It is the responsibility of the employer who has been penalised and exhausted their appeal rights to amend their payroll software to ensure that they do not claim the allowance during the year in which they are not eligible.

If you need any help and advice in relation to the above, please do not hesitate to contact me or the employment team on 0113 350 4030 or at richard.newstead@scesolicitors.co.uk.

If you would like to be kept up to date on any Employment law changes, please subscribe to our monthly newsletter.


SCE Solicitors is a boutique employment law practice based in Leeds which advises clients nationwide.  Please note that the information in this blog is to provide information of general interest in a summary manner and should not be construed as individual legal advice. Readers should consult with SCE Solicitors or other professional counsel before acting on the information contained here.

Parental Bereavement Bill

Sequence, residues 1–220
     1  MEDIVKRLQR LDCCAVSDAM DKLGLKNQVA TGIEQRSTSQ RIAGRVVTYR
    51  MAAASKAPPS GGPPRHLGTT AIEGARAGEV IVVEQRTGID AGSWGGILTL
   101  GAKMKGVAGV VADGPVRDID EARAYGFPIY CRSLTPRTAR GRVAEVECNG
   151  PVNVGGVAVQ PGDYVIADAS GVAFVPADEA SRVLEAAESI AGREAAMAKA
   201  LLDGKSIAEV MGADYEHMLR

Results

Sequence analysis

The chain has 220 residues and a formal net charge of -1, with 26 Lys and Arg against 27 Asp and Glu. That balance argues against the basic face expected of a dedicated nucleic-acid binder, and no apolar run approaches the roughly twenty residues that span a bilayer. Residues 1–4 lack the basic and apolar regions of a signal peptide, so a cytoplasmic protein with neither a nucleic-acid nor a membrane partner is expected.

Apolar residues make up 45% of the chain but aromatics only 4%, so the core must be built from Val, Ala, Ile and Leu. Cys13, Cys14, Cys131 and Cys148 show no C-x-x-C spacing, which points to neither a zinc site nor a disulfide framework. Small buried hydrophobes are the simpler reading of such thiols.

MP Will Quince’s Parental Bereavement Bill passed the final stage in the House of Commons last month, seeking to allow parents time to grieve after the death of their child and gaining unanimous cross-party support. Quince proposed the bill along with Kevin Hollinrake, after Quince’s son, Robert, was stillborn at full term in 2014, suffering from Edward’s Syndrome.

Current legal position

While it is expected of employers to be compassionate and flexible when their employees face difficult times such as mourning the loss of a loved one, there is no legal requirement for employers to provide leave or pay to employees who are grieving the loss of a child.

Under the Employment Rights Act, employees do have a day-one right to take a ‘reasonable’ amount of unpaid time off for emergencies such as making arrangements for the death of a loved one. However, this ‘reasonable’ threshold is highly subjective, and it is down to the discretion of the employer to make the decision as to what is deemed reasonable. The agreed length of time off will typically be agreed by the employer and employee dependent on the situation, and what is deemed most appropriate.

In a situation where the employee and employer are unable to agree with one another over what length of time is ‘reasonable’, the disagreement can be referred and dealt with through ACAS or via an Employment Tribunal.

The Bill